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Photo: Robert Nickelsberg/Getty Images

Investors pulled just over $33 billion out of money market funds for the week ended June 17, according to data from the Investment Company Institute.

Why it matters: It was the fourth straight week of outflows for the safe-haven vehicle typically used by investors as savings accounts for cash holdings.

The big picture: Money market funds had seen their assets rise to nearly $5 trillion as investors pulled out of riskier plays like stocks and commodities at a record pace over the preceding months.

  • Money market funds have seen a total of $104.74 billion of outflows in the past four weeks.

Yes, but: Until this week, funds were largely flowing into bonds rather than stocks. ICI data and Refinitiv data show that equity funds had seen $38 billion of outflows in the weeks ended May 13 to June 3.

  • The funds saw $13.1 billion of inflows for the week ended June 10, the last week for which ICI equity fund data is available.
  • Data from Refinitiv Lipper shows equity funds saw $25.5 billion in outflows for the week ending June 17.

Go deeper

American Airlines taps $5.5 billion Treasury loan

Photo: Deccio Serrano/NurPhoto

American Airlines on Friday said it accepted a $5.5 billion loan through the Treasury Department, and may be allowed to tap billions more in October, per Reuters.

The state of play: The company was initially allotted $4.75 billion, but after other carriers, including Delta Air Lines and Southwest Airlines, said they don't plan to take their portion of the $25 billion package earmarked in the CARES Act, more funds were available for other airlines.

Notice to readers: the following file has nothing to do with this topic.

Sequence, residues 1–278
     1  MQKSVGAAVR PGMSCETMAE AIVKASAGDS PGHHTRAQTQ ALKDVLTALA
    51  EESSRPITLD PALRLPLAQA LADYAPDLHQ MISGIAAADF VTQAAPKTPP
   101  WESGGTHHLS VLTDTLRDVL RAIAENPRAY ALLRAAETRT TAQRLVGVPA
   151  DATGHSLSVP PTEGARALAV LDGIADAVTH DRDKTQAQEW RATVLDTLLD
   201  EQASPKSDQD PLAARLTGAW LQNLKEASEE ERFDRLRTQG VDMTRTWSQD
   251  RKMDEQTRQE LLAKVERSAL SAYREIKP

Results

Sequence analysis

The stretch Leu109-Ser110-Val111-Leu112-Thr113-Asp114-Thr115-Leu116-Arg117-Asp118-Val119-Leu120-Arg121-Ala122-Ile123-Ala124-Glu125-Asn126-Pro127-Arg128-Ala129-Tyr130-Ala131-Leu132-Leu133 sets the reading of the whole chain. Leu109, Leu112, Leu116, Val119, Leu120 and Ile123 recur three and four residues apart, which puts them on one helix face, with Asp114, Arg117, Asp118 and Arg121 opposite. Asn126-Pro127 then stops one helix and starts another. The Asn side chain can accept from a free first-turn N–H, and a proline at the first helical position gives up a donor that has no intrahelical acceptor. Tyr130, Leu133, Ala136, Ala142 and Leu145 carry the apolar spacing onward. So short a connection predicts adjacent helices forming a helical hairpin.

10 hours ago - World

Maximum pressure campaign escalates with Fakhrizadeh killing

Photo: Fars News Agency via AP

The assassination of Mohsen Fakhrizadeh, the architect of Iran’s military nuclear program, is a new height in the maximum pressure campaign led by the Trump administration and the Netanyahu government against Iran.

Why it matters: It exceeds the capture of the Iranian nuclear archives by the Mossad, and the sabotage in the advanced centrifuge facility in Natanz.

Scoop: Biden weighs retired General Lloyd Austin for Pentagon chief

Lloyd Austin testifying before Congress in 2015. Photo: Chip Somodevilla/Getty Images

Joe Biden is considering retired four-star General Lloyd Austin as his nominee for defense secretary, adding him to a shortlist that includes Jeh Johnson, Tammy Duckworth and Michele Flournoy, two sources with direct knowledge of the decision-making tell Axios.

Why it matters: A nominee for Pentagon chief was noticeably absent when the president-elect rolled out his national security team Tuesday. Flournoy had been widely seen as the likely pick, but Axios is told other factors — race, experience, Biden's comfort level — have come into play.